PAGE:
October 19, 2010
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Coccidioidomycosis burden in southwestern US may be greater than previously thought

Tsang CA. Emerg Infect Dis. 2010;16. [Epub ahead of print]

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Nearly half of patients with coccidioidomycosis in an Arizona cohort visited an ED and incurred a total cost of treatment that was higher than previously estimated, according to study results.

Researchers from the Arizona Department of Health Services said the Council of State and Territorial Epidemiologists case definition for coccidioidomycosis requires laboratory and clinical criteria, but that Arizona uses only laboratory criteria. The current study assessed the validity of the Arizona approach and characterized the burden of the infection in the state.

Health officials conducted a population-based investigation and conducted a telephone interview of every tenth coccidioidomycosis case patient from a cohort of 5,664 patients reported between January 2007 and February 2008. There were 493 patients interviewed.

The interview included questions about the signs and symptoms of coccidioidomycosis, health care-seeking behavior, medical treatment information and the effects of the disease on the daily lives of patients. For patients younger than 18 years, a parent or guardian answered the questions or was present for the interview.

Defining symptoms included fever, cough, sore throat, chills, dyspnea, chest pain, hemoptysis, headache, rash, stiff neck, myalgias or arthralgia.

Awareness of disease

An average of 11 days (interquartile range [IQR] 2–31 days) was required to seek health care after onset of symptoms, and the time from seeking health care to diagnosis was 23 days (IQR 6–74 days).

Individuals aware of coccidioidomycosis before seeking treatment received earlier diagnoses than individuals who were not aware of the disease (median 20 days [IQR 6–56 days] vs. 25 days [IQR 7–144 days]; P=.04) and to request testing for Coccidioides spp. (95% CI, 1.0–3.2), according to the results.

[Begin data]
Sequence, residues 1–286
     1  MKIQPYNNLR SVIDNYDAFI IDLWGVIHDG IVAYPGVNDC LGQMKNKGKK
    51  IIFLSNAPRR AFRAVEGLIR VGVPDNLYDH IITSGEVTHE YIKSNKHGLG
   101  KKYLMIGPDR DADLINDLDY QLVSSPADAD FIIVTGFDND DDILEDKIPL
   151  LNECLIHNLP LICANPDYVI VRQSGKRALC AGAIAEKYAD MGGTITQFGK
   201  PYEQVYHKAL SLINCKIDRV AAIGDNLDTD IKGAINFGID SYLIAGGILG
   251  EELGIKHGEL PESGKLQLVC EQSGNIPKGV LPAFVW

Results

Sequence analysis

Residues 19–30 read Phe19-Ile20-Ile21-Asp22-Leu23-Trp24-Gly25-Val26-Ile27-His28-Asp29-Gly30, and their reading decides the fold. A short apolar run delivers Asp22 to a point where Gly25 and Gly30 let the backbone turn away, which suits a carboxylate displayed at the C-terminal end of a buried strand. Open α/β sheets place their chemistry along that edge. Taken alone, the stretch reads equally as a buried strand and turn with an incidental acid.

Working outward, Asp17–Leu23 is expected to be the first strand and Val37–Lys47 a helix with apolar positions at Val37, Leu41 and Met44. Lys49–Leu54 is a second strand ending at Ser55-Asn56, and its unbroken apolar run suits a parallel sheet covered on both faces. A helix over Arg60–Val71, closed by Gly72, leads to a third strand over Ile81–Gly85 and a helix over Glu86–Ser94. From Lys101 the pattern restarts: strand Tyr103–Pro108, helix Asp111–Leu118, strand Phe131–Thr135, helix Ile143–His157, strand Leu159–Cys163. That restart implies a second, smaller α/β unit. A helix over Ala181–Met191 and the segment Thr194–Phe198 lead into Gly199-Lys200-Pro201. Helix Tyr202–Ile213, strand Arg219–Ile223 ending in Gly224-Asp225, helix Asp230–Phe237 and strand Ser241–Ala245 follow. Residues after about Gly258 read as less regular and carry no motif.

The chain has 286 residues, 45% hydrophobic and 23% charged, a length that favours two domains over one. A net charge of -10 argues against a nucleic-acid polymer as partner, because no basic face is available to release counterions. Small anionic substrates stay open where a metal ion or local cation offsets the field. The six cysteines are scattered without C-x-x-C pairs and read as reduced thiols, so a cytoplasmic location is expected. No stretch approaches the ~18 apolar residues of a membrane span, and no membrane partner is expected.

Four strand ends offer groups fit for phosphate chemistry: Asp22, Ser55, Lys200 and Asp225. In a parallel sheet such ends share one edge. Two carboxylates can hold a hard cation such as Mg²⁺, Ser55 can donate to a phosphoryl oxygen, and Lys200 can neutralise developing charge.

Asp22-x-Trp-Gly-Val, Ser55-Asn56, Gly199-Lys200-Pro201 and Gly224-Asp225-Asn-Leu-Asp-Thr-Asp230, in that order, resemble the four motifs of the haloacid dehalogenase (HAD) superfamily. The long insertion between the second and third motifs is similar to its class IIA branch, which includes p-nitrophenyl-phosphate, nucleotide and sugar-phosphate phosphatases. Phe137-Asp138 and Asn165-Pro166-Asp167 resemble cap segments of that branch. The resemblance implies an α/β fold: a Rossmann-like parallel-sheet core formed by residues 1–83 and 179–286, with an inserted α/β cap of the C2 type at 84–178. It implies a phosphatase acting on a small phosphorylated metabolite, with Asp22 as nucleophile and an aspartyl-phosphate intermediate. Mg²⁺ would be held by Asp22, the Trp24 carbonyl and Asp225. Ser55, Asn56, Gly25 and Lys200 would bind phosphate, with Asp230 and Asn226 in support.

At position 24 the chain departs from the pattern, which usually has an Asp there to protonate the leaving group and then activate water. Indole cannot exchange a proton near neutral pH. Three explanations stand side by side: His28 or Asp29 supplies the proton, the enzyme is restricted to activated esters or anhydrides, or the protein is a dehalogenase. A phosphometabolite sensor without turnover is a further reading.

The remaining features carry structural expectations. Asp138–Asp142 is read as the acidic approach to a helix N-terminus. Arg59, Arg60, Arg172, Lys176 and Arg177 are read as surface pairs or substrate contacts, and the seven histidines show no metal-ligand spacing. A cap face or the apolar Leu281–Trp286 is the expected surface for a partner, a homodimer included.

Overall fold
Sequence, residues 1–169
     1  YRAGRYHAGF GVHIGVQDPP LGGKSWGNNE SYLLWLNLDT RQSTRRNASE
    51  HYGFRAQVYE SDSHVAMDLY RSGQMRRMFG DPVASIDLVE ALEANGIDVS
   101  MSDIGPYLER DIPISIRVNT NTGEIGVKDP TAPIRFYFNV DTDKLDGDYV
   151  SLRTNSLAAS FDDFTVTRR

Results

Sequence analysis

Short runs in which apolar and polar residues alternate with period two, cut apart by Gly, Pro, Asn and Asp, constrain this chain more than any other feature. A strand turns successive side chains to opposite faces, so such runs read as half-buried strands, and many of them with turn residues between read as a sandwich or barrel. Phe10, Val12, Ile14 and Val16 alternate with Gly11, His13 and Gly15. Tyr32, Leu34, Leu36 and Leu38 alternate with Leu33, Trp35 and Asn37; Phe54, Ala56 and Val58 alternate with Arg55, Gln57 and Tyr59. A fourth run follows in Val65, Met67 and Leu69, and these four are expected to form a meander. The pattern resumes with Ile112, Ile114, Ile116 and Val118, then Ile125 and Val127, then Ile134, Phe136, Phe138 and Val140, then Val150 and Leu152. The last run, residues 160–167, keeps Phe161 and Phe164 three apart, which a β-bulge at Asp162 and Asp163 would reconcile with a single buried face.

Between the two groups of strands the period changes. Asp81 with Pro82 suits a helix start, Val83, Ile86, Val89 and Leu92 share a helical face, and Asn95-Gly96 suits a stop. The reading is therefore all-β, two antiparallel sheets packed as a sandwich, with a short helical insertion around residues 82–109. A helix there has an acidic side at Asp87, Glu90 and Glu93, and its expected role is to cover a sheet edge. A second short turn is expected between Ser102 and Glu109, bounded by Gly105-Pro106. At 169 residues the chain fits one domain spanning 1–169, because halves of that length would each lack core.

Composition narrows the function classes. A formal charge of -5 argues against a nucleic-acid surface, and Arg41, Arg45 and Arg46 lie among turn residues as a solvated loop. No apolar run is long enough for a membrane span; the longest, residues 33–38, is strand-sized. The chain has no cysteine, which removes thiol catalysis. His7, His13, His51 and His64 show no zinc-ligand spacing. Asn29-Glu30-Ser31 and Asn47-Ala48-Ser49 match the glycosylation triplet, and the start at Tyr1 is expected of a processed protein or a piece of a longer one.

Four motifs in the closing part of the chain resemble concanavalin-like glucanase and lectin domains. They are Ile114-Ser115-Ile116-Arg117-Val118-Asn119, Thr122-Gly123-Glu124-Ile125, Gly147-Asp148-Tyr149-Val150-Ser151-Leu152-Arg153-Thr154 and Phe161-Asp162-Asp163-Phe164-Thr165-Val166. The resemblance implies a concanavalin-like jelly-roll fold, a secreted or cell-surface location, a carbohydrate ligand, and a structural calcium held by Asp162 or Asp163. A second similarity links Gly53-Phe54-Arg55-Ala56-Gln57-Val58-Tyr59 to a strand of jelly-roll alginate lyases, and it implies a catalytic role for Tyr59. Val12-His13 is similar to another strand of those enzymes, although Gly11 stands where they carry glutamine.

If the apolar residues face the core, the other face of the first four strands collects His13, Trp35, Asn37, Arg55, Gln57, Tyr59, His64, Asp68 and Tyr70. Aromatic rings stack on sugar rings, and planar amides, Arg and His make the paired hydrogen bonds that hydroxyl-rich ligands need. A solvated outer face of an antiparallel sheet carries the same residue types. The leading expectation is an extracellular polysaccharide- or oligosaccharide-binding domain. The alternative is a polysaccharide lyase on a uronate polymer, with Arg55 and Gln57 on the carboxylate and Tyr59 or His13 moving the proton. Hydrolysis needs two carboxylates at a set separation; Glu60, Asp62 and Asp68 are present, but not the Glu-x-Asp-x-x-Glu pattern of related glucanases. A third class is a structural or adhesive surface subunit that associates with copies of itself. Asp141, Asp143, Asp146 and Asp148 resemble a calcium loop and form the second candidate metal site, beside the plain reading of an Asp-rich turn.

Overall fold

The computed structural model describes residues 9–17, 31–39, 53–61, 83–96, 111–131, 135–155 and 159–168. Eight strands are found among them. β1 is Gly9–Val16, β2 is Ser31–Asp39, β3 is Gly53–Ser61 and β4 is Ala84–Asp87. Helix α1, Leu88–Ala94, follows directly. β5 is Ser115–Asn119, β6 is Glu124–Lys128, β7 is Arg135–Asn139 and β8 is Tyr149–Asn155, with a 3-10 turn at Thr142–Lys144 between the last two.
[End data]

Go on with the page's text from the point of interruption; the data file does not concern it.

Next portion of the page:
Clinical case definition criteria were met by 95% of patients interviewed. Three percent reported no symptoms and 2% had only one symptom.

Symptoms included fatigue (84%), cough (67%), dyspnea (59%) and fever (54%). Symptoms lasted 120 days overall, 42 days for patients who had recovered at the time of interview and 157 days for those who had not recovered at the time of interview.

Three-quarters of patients reported that the illness affected performance of usual daily activities at some point.

Effect on system

An average of two visits to a health care provider was required before testing occurred, and 26% of patients visited a health care provider more than 10 times.

Forty-six percent of patients reported at least one visit to an ED, and 23% initially sought care in an ED. Overnight hospital stays were reported by 41% of interviewees; the average hospital stay was 6 days (range 0–306 days, IQR 4–10 days).

A primary diagnosis of coccidioidomycosis occurred in 1,093 hospital visits, accounting for $59 million in hospital charges and a median of $33,000 per coccidioidomycosis-related visit. The 1,735 visits with a primary or secondary diagnosis of coccidioidomycosis incurred a cost of $86 million with a median charge of $30,000 per visit, which is higher than previous estimates, according to the researchers.

Antifungals were prescribed to 61% of patients, and antibacterials were prescribed to 60% of patients.

“These findings suggest that eliminating clinical criteria from the coccidioidomycosis case definition allows for simpler surveillance methods and requires fewer resources yet still accurately estimates prevalence and incidence of the disease in endemic regions,” the researchers wrote. They noted that education campaigns could decrease delays to diagnosis, which would, in turn, aid antimicrobial stewardship and relieve patient anxiety.